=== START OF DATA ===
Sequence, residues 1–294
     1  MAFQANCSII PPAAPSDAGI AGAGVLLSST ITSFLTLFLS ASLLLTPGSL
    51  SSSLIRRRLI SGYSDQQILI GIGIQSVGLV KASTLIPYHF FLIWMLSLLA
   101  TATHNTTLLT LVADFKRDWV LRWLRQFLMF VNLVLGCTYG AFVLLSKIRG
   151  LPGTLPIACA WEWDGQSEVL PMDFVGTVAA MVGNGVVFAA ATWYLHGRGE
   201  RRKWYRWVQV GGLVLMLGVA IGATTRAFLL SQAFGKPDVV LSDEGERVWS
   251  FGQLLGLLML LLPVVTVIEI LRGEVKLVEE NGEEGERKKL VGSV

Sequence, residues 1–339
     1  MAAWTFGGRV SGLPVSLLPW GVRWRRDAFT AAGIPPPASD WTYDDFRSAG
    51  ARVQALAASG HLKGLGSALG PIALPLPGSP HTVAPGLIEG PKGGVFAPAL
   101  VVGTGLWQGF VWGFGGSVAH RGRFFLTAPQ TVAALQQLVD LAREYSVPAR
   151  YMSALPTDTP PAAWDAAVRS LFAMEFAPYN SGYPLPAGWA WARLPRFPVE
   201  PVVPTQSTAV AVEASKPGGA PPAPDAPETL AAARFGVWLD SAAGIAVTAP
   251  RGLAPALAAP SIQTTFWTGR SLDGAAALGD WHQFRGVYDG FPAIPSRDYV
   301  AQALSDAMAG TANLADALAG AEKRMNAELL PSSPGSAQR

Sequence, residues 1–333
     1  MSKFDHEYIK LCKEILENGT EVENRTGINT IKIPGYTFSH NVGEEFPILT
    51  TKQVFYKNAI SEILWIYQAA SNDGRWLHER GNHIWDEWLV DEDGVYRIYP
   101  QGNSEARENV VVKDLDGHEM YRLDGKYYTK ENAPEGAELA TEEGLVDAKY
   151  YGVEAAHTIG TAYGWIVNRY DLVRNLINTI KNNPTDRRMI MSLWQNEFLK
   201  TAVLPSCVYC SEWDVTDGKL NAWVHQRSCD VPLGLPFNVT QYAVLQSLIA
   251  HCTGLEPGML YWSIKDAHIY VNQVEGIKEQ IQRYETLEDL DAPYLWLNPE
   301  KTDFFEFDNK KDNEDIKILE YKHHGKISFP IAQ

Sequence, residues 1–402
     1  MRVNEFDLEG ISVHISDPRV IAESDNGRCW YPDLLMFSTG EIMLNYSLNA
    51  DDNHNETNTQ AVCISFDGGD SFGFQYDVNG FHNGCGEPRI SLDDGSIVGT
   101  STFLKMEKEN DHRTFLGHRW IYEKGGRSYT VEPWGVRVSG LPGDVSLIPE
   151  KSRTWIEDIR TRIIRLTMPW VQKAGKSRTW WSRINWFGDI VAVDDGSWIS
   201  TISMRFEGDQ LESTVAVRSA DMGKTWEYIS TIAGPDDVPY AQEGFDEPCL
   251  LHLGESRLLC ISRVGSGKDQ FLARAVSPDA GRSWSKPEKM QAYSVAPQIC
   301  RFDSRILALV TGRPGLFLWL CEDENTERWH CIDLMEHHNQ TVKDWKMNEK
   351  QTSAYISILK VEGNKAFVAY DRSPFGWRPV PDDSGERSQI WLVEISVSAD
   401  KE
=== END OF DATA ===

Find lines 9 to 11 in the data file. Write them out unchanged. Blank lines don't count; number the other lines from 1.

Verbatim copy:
     1  MAAWTFGGRV SGLPVSLLPW GVRWRRDAFT AAGIPPPASD WTYDDFRSAG
    51  ARVQALAASG HLKGLGSALG PIALPLPGSP HTVAPGLIEG PKGGVFAPAL
   101  VVGTGLWQGF VWGFGGSVAH RGRFFLTAPQ TVAALQQLVD LAREYSVPAR